Monday, July 30, 2018

Retro Revival Mouthpieces: Tru-Res, Tru-Slant, Crescent, Super D, & Modern-Line Bob Sheppard Signature Series

This past week I had the chance to play through five of Retro Revival’s tenor mouthpieces. I currently play a “vintage” series Otto Link, which is a modern mouthpiece inspired by the 1950s  vintage Tone Edge often referred to as the Slant, so I was excited to try Retro’s high end remakes of iconic Otto Link mouthpieces. First and foremost, all of the Retro Revival mouthpieces I played are very good. As you’d hope for from high end hand finished mouthpieces, each mouthpiece plays evenly from the bottom up through the altissimo register. They all have a healthy amount of resistance that facilitates a big tone and easy altissimo. Check out the comparison video to hear how they sound, and I’ll include a short write up about each of them below.

This is the darkest of the five mouthpeices and appropriately so as it’s a remake of the Otto Link Reso Chamber model from the 1940s. The tone is thick and warm with a nice core. Despite the dark tone, it has plenty of power and volume making it comfortable to play. As I already mentioned in the introduction, this mouthpiece and all of the others feel and sound consistent throughout the registers, and the altissimo feels good and sounds easily.

This mouthpiece is a remake of the Otto Link “Slant Signature” Florida era Tone Edge. It has more edge than the Tru-Res, but the sound is still lush and warm overall as well as a bit spread. It has a little less resistance than some of the other pieces and is fairly malleable in terms of sound, meaning I can easily inflect and change the timbre. Like the Tru-Res, this mouthpiece has plenty of volume (comparably more than the “vintage” series hard rubber Otto Link that I typically play).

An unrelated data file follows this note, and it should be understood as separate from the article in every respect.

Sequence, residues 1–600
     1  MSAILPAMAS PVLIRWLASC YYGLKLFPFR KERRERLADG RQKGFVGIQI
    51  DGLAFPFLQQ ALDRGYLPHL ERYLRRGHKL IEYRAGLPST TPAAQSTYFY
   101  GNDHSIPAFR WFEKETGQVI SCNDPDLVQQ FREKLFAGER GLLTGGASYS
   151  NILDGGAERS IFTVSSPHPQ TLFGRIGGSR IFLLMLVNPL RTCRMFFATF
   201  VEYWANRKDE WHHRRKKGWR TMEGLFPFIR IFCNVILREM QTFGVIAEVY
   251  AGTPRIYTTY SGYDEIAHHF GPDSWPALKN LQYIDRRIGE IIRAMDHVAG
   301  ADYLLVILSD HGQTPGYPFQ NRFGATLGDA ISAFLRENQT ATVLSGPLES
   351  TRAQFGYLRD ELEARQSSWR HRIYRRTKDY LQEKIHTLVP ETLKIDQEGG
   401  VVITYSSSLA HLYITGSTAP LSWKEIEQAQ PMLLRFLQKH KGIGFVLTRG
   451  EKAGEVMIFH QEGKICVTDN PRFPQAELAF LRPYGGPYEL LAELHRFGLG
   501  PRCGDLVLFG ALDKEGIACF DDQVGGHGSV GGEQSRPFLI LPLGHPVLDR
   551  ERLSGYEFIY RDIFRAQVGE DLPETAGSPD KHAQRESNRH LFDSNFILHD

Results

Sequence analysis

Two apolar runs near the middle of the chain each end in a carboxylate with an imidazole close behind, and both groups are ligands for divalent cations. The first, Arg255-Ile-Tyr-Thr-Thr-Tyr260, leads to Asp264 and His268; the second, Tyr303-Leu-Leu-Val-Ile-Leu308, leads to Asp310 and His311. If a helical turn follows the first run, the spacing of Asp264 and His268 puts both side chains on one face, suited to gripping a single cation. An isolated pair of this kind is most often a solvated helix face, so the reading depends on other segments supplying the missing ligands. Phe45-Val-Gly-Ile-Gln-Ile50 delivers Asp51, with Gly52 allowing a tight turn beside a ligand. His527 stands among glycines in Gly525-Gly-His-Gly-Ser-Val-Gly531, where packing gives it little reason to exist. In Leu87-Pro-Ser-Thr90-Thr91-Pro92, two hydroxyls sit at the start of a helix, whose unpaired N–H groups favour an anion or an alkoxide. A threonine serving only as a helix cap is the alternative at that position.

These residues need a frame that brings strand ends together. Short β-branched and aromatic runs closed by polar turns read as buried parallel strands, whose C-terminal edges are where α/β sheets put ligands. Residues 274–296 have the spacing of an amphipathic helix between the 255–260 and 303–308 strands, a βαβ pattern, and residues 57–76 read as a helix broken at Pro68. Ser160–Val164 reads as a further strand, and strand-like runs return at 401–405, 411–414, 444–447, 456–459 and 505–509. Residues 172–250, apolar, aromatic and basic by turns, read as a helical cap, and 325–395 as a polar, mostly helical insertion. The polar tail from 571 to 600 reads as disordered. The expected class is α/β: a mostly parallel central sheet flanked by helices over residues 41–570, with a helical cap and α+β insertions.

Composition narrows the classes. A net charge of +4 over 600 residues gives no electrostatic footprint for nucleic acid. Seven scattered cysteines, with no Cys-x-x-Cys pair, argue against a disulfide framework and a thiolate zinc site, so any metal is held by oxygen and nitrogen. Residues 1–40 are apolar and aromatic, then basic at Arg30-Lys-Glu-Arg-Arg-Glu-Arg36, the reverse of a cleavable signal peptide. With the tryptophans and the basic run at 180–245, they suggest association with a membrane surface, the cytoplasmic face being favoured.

This mouthpiece is a remake of a 1950s New York Otto Link Super Tone Master. Tone wise it really delivers. It has a warm sound with some punch. In other words, it has both the edge and darker timbre you’d hope for from a good vintage New York Super Tone Master. It has a fairly balanced resistance, just a touch on the heavier side. Like all of the other mouthpieces, the altissimo feels great pops out easily up through the stratosphere.

Super D
The Super D is also a remake of vintage Super Tone Master, specifically from the “double ring”  or “double band” models from the 1950s. This piece differentiates itself from the Crescent in that it is a brighter and edgier sounding piece. It has a noticeably higher baffle, and the difference in the recording is very audible (all five of the mouthpieces sound distinct from each other). The resistance feels balanced leaning just a bit towards the heavier side. There is enough resistance so that you can really push the piece to high volumes. This mouthpiece is bright enough that I’d readily recommend it for contemporary styles of music like rock, funk, etc. While this is a very nice mouthpiece, I do feel like it gets a little bit more of a contemporary sound than some of the vintage Super Tone Masters I’ve played.

Modern-Line Bob Sheppard Signature Series
The Bob Sheppard model is an original design by Retro Revival, unlike most of their other models which are remakes. The mouthpiece is somewhat brighter and has more edge than the other two hard rubber mouthpieces, but it still has a nice thick tone. Personally, I could play it comfortably in a bebop setting or a more contemporary setting. Like all of the mouthpieces, it’s even throughout the registers including altissimo. Similar to the Tru-Slant, this piece has a little less resistance than the others, and it also has good flexibility of sound.

In terms of recreating iconic vintage sounds, Retro Revival is doing a great job, though the Super D seems to be a bit more on the contemporary side. Meanwhile, their Bob Sheppard model, is a fun and solid original contribution. Importantly, all five of the mouthpieces play very consistently from low B-flat up through the altissimo register, and they all produce some serious volume. Overall, these are some really fun to play and great sounding mouthpieces.


  1. Did you use the same reed on all pieces? The Crescent sounded to me like it could take a darker sounding reed and sound more mellow - I felt its tone was slightly "grizzled" in comparison to the hard rubber pieces. Overall I felt that all three hard rubber pieces played with a thicker sound.

    1. I did use the same reed on all of them. You're probably right about the crescent needing a darker sounding reed.